No doubt more could be said about the psychological and political implications of Stephen's word, but it also implies that Mulligan has coopted the artistic role of one of the three principal characters of Ulysses. So sullen, withdrawn, reactive, and inert is Stephen in the opening chapter, so ebullient, charming, and active is Mulligan, that many readers new to the book must struggle to decide who is the protagonist and who the antagonist. The inversion of roles goes far beyond differences of temperament. At the beginning of this great comic novel, Mulligan is funny and Stephen mostly is not. In an encyclopedic narrative that alludes to everything under the sun, displays vast learning, and finds classic literary archetypes in modern Irish life, Malachi the messenger leads the way in announcing these glad tidings, not Stephen.

In his critical study Ulysses, Hugh Kenner notes these displacements: "So ready indeed is Mulligan with quotations, one would think he, not Stephen, was the littérateur in residence. It is he, moreover, who introduces theme after theme. His first words introduce, at six removes, the Jew in exile. His next quotation is from Homer’s Greek. It is he, not Stephen, who intones the song from Yeats that will attend Stephen like a leitmotif. He invokes Swinburne, mocks Wilde, alludes (in a German word) to Nietzsche. . . . Whether playing Christ as he drops his gown . . . or playing the Fool . . . or conjuring up mock-Gothic spooks to make half-drunken medicals roar with delight . . . always on stage, the stately plump Buck in his primrose vest . . . plays parts like a chameleon and plays onlookers like fish (‘Why don’t you play them as I do?’) in roistering affirmation of Mulligan’s Law, the first principle of Dublin, that all is style, is appearances, is show" (36-37).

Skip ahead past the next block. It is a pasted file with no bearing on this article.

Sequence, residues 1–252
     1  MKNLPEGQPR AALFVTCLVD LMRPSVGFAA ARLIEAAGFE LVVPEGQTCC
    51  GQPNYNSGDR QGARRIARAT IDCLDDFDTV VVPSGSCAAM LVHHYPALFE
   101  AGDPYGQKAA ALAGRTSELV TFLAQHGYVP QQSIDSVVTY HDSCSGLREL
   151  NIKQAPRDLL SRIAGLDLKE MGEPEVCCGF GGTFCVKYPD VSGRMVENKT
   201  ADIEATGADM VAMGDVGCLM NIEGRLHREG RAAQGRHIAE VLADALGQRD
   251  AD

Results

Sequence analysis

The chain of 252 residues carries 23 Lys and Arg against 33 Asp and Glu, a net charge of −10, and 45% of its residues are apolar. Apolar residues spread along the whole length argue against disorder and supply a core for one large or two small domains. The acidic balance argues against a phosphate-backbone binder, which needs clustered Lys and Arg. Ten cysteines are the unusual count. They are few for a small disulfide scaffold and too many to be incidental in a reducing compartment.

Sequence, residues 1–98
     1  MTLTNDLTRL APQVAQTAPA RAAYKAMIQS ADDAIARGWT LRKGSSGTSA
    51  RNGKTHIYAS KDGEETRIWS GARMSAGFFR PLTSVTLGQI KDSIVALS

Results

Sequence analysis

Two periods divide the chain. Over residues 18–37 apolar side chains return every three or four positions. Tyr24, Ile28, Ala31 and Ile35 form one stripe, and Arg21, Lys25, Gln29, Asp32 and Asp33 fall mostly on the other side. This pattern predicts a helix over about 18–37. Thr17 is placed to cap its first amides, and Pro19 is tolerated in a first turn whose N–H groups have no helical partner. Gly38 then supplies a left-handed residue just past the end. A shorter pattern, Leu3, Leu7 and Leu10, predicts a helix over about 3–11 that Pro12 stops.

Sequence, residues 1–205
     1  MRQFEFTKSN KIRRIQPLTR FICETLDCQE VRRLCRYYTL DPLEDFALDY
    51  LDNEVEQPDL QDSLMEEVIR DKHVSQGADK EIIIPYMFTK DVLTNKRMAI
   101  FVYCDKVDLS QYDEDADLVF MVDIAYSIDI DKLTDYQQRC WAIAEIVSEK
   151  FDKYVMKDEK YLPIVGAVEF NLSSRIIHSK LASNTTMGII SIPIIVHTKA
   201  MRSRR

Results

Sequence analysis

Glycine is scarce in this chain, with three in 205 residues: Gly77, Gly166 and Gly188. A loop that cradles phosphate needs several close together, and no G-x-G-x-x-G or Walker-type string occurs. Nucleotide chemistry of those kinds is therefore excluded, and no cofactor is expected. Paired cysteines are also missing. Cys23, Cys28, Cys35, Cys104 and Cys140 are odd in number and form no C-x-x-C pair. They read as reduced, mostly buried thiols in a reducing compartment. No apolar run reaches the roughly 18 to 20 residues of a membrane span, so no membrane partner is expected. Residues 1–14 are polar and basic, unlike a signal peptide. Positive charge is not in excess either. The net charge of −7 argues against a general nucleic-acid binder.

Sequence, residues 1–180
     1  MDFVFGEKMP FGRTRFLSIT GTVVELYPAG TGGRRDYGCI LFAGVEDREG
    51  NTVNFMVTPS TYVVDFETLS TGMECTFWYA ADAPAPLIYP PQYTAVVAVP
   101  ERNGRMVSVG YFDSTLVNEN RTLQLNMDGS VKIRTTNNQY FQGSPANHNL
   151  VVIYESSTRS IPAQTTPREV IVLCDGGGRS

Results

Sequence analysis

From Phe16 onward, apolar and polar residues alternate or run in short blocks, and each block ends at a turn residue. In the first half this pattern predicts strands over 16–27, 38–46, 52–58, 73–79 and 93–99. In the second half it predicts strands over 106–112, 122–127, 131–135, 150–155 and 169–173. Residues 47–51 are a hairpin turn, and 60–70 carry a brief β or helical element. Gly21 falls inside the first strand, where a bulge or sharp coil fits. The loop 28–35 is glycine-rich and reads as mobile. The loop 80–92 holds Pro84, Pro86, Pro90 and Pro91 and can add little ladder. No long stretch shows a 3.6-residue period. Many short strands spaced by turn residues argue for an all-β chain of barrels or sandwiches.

Later chapters show that Stephen, although ambivalent about playing audiences for laughs, possesses all of the substance falsely promised by Mulligan's flashy performances. But in Telemachus this capaciousness is scarcely visible in him. Kenner identifies the cause: "Mulligan usurps Stephen’s place, stage-centre; usurps, with his mockery, Stephen’s anguished unbelief; usurps, quoting classroom Greek and facile Swinburne, the office of the Hellenising bard" (37). Mulligan has rented a decommissioned military tower to be the omphalos that will bring ancient literary greatness to birth in modern Ireland; his model, Oliver Gogarty, said the aim was to "house the Bard," James Joyce. But while living there Stephen has watched the cherished materials of his art aped and debased into mere clownery, and now he finds himself turned out altogether. At the end of A Portrait of the Artist he aspired to merit the name of Dedalus. Here, that patrimonial claim appears to have been taken from him.

JH 2020
Craig Schwartz's 2007 photograph of Hamlet (Lucas Hall), Claudius (Bruce Turk), and Gertrude (Celeste Ciulla) in an Old Globe production of Hamlet directed by Darko Tresnjak in San Diego. Source: pressarchive.theoldglobe.org.
16th century oil portrait by an unknown artist of King Henry IV of England who usurped the royal throne from his cousin Richard II, held in the National Portrait Gallery, London. Source: Wikimedia Commons.